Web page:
In 2011, Julia had successful brain surgery, but it took a year of training and rehab to fully recover and get back to competing. She returned in a blaze of glory, winning her first national title and achieving her personal best, placing 6th in overall World Cup rankings.

In 2014, she missed a spot on the US Olympic team by a heartbreaking 0.013 of a second.

[Tweet “Don’t let a moment of failure define who you are.”]

She tells the NYA students that missing a goal can be devastating, but they shouldn’t let one moment of failure define who they are. “Anytime you’re facing a challenge that’s when you’re going to learn about yourself,” she says. “You learn how strong you are as a person. I think it’s important to hear that. There are going to be challenges in your life that you’re going to have to overcome. Making good decisions, being prepared and having a good support system are things you can be doing now so when those tough days come, you’re ready for them and you can find a way to navigate them.”

An inspiration?

Did her story of successes and failures inspire the students? Maybe not all of them, says Principal John Drisko it, but hopefully, some. “It could be one particular line that a student listens to and then walks away and then later on thinks about it,” he says. It’s amazing how impactful these [presentations] can be.”

Here’s what some of the students had to say:

“I love playing the flute. That’s my thing. She’s an Olympian which is like a crazy level of talent, but the flute is something I really like doing the same way. I’m still trying to decide between academics and flute but hearing how she balanced both [school and the luge] makes me feel like I could do both things and still succeed to the highest level possible.”  Olivia Stam

“She definitely showed me that I want to follow my dream more now. I want to act, do something maybe on Broadway, maybe in Hollywood. I’ve always had a passion for theater and it’s certainly something I want to keep doing.” Rick Hilscher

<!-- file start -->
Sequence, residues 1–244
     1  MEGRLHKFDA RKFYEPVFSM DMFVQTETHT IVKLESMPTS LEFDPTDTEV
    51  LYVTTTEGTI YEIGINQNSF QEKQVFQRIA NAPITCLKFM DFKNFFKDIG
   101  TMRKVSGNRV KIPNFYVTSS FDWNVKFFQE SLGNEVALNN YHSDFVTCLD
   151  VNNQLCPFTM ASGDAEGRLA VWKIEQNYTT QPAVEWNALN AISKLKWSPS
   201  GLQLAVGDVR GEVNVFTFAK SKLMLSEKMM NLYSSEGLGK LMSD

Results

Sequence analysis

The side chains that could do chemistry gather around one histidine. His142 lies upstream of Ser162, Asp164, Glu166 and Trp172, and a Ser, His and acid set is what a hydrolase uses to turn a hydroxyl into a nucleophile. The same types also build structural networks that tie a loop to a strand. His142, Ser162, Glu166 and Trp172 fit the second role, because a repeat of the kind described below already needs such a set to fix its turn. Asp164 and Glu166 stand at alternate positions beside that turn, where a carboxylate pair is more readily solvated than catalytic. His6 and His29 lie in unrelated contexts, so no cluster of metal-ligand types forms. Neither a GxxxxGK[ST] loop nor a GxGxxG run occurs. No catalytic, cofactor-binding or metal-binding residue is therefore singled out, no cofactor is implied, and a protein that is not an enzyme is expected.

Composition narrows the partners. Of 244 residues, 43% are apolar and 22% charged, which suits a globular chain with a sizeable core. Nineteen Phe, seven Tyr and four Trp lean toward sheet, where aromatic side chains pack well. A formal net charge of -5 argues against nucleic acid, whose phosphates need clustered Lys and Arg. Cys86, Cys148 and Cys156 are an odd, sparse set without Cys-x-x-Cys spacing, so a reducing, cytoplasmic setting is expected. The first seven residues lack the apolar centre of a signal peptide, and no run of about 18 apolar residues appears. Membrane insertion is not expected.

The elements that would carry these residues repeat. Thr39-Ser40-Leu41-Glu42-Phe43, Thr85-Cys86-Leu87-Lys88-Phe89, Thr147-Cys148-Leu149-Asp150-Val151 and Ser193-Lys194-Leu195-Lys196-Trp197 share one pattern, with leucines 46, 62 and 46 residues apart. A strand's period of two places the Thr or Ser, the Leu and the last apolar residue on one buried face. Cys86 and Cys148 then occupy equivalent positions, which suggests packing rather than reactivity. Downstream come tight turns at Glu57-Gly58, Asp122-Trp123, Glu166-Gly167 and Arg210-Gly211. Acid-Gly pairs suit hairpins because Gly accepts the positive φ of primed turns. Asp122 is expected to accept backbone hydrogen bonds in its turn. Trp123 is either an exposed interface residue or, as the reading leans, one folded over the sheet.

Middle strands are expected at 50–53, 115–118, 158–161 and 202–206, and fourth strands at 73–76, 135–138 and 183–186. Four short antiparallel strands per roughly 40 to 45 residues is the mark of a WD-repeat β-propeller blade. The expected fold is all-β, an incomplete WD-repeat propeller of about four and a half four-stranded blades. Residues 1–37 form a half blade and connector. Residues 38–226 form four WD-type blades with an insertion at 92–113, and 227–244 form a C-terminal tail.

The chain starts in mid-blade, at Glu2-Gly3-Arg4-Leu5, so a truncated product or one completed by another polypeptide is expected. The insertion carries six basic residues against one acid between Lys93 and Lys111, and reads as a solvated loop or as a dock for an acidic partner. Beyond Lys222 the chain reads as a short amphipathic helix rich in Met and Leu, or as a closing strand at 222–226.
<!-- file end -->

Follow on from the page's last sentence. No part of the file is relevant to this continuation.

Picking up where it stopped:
“I found it very inspiring and motivating — just going after things you haven’t done before and trying things you don’t know. I’ve always been a skier but I’ve never been a competitive skier so I may try that.” Nathanial Lapoint

“I like singing, but I haven’t set any goals. We’ve always heard that working hard pays off but it was nice to see a real live example of it. She showed how hard she works. She had a dream and she set goals for herself and she worked hard and accomplished it.” Avery Bakewell

Find your passion

Yes, you have to set goals and work hard. But first, says Julia, you have to find your passion. “Your story is unfolding right now,” she said to students, “and you have to be willing to try a lot of new things to find something that you are passionate about —to find something that you love to do.”

It’s obvious that Julia found her passion. So, what does she see as she whizzes down the icy track at 90 mph? What does she think about?

“When I am racing,” she responds, “it is actually really easy to zone out on everything around me. Our races are mixed between large crowds and almost no one at the track. I try to keep my mindset the same every time and clear my head and just focus at the task at hand. The feeling varies depending how the race is going. In my best races, I have a feeling of freedom and complete relaxation on the sled. Any tensions will slow you down in our sport, so being able to find a way to be relaxed and free is important.”

Another lesson to learn from a champion. Relax! Now, try to do that while you watch this video of Julia racing in the World Cup. (Courtesy NBC Sports Network.)

Diane Atwood

About Diane Atwood

For more than 20 years, Diane was the health reporter on WCSH 6. Before that, a radiation therapist at Maine Medical Center and after, Manager of Marketing/PR at Mercy Hospital. She now hosts and produces the Catching Health podcast and writes the award-winning blog Catching Health with Diane Atwood.